• Jackie Coogan is in San Francisco working on a personal stage appearance, making jokes about his impoverished situation. And hoping to earn enough until August when the suit with his parents will be tried. Bob Hope has written his routine, between takes on his current film ‘Give Me a Sailor.’ Hope and Coogan will have a vaudeville tour together in the East beginning in June. (See May 13th)

ON THE MOVE

  • Pat O’Brien will be taking off for a three week vacation, and will start ‘Angels with Dirty Faces’ upon his return. [Per Ed Sullivan he plans to take in the War Admiral – Seabiscuit match race. The race scheduled for May at Belmont did not come off with Seabiscuit. The race finally took place on November 1st].
  • Joel McCrea heads off to Montana for a fishing trip, accompanied by his stand in, Carl Andre. His station wagon is fully equipped for the expedition. Upon their return they will report to Universal along with other Goldwyn contracted people – Andrea Leeds and director Archie Mayo. Some think it strange that so many from the Goldwyn stable would be going to a rival studio. Shooting to begin June 4.
  • The 20th Century Fox film ‘Five of a Kind’ with the Dionne quintuplets will see its company leave for Canada tonight, but without Joan Davis. She is now home from the hospital after her back injury, sustained will rehearsing with Buddy Ebsen. She plans to join them next week. [Davis must not have made it, for she is not listed in the credits]. (See May 9th).

OPENED IN THEATERS THAT DAY

  • Swiss Miss with Laurel & Hardy (directed by John Blystone) from MGM.
  • Mystery House with Humphrey Bogart from WB.

The Year Was 1938 – May 19th

Virginia Weidler in 1938
  • Today child actor Virginia Weidler was added to the RKO production ‘Mother Carey’s Chickens.’ She was borrowed from MGM where she was at work in ‘Too Hot to Handle.’ She is also currently loaned out to Paramount on ‘Men with Wings.’
  • United Artists board to meet today to finalize the releasing deal with Hal Roach. Roach can bring his own production money. Dr A H Gianninni, president of UA prepared the way for him. Mary Pickford to attend the meeting also.
  • Independent exihibitors at a confab in Pittsburgh have asked the government to do an investigation into the picture industry, especially pricing policies and terms of film leasing, all to be included in any anti-trust action that is pending in Washington.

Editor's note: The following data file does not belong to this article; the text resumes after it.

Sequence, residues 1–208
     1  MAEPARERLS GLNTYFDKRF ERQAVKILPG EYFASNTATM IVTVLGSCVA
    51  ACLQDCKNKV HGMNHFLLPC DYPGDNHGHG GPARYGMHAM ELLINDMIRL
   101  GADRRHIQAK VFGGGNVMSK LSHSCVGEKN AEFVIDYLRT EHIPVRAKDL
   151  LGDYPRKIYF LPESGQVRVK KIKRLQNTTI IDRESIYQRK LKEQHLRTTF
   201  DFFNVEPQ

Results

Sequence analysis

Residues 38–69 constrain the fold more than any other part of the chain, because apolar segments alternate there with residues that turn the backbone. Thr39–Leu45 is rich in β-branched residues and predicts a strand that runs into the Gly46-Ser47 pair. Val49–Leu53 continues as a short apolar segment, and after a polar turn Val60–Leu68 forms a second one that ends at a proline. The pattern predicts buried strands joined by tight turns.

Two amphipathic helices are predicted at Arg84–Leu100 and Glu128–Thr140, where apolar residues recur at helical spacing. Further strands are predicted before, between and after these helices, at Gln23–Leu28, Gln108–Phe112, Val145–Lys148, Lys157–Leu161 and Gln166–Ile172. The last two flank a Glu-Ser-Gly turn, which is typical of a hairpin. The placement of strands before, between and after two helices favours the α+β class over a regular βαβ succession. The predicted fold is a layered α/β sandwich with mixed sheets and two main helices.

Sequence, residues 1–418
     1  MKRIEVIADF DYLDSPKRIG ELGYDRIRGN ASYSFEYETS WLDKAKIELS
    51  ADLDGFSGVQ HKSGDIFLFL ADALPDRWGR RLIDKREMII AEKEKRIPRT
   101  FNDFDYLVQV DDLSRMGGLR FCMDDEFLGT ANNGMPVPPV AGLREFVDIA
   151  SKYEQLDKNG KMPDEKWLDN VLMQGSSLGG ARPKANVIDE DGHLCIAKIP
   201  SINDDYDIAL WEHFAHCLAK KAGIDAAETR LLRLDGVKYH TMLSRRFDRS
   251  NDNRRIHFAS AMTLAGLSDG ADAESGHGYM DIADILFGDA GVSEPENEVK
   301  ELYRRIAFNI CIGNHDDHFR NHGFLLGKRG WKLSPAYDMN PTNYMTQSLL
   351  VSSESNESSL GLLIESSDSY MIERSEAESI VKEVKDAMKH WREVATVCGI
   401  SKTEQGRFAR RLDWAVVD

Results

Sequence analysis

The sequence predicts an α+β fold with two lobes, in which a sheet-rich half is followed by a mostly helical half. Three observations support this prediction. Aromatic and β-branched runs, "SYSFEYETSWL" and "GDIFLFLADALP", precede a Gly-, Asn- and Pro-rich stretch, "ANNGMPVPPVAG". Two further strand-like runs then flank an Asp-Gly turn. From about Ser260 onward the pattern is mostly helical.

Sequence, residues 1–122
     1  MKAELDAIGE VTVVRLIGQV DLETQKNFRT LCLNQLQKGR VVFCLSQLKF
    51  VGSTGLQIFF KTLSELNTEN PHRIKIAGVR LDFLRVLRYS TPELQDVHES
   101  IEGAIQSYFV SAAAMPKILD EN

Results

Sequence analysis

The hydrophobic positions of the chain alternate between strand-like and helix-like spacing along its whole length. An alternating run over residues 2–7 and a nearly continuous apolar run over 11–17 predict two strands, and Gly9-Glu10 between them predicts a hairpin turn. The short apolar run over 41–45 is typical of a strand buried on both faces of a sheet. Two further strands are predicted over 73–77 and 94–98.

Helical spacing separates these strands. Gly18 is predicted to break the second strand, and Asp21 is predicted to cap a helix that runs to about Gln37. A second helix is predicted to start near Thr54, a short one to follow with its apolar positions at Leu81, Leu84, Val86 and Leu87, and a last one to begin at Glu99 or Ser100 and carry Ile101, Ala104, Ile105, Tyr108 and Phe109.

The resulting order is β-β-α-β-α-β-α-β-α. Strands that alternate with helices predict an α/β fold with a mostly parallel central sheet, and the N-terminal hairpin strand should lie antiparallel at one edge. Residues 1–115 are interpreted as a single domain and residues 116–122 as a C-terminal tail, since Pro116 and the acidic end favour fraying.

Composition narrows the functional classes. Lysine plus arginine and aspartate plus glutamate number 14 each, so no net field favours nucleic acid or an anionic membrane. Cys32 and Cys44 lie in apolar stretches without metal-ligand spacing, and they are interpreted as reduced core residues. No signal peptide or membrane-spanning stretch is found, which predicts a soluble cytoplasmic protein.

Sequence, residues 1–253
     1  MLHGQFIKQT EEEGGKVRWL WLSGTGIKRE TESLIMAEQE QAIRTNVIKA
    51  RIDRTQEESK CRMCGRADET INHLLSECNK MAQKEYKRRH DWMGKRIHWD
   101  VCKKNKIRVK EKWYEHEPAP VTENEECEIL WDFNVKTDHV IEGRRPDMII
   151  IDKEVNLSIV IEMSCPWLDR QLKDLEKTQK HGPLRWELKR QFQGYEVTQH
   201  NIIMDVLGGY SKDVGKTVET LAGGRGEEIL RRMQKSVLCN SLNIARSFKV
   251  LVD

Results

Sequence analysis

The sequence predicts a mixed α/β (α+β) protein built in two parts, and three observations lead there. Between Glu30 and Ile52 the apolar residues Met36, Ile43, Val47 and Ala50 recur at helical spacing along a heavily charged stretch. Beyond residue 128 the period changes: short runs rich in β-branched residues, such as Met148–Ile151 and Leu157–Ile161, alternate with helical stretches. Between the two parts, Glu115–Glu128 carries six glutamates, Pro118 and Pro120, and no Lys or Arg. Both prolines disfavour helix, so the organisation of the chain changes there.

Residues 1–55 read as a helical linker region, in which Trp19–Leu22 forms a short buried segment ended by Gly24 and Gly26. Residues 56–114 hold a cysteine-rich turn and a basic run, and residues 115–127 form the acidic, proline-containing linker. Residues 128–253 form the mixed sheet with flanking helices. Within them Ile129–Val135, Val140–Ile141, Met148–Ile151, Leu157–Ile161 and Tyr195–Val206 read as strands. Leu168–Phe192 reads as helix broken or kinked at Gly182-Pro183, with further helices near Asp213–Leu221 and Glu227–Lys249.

• Silent film actress Alla Nazimova has been brought into Paramount to help tutor the Italian actress Isa Miranda. Producer Albert Lewis and director George Cukor brought Nazimova in to help Miranda recreate a role that Nazimova played on the Russian stage 37 years prior. [The film was released in 1938 – but not with Isa Miranda. Claudette Colbert took the role instead. I wonder what happened].

Columnist Sidney Skolsky often wrote about “Watching Them Make Pictures” for this week he details three happenings:

  • On the MGM backlot, Jack Conway was directing Clark Gable and Walter Pidgeon in a scene for ‘Too Hot to Handle.’ Playing competing newsreelmen Pidgeon was to chase Gable and Gable was to trip and fall face first into a mud puddle especially prepared for him. He fell into the mud perfectly – but Pidgeon blew his line, so they had to do it all over again.
  • Out on the movie ranch in the Valley, Richard Thorpe was shooting a scene for “Give and Take” with Robert Taylor and Maureen O’Sullivan. A man was plowing in the far background and was whistling. The sound man warned the director that his mic was picking up this whistling. Thorpe said to just keep it as background – but then the sound man broke in again and told him that they would not be able to use it as the man was whistling “Thanks for the Memory,” a Paramount song. [The film was released as ‘The Crowd Roars’].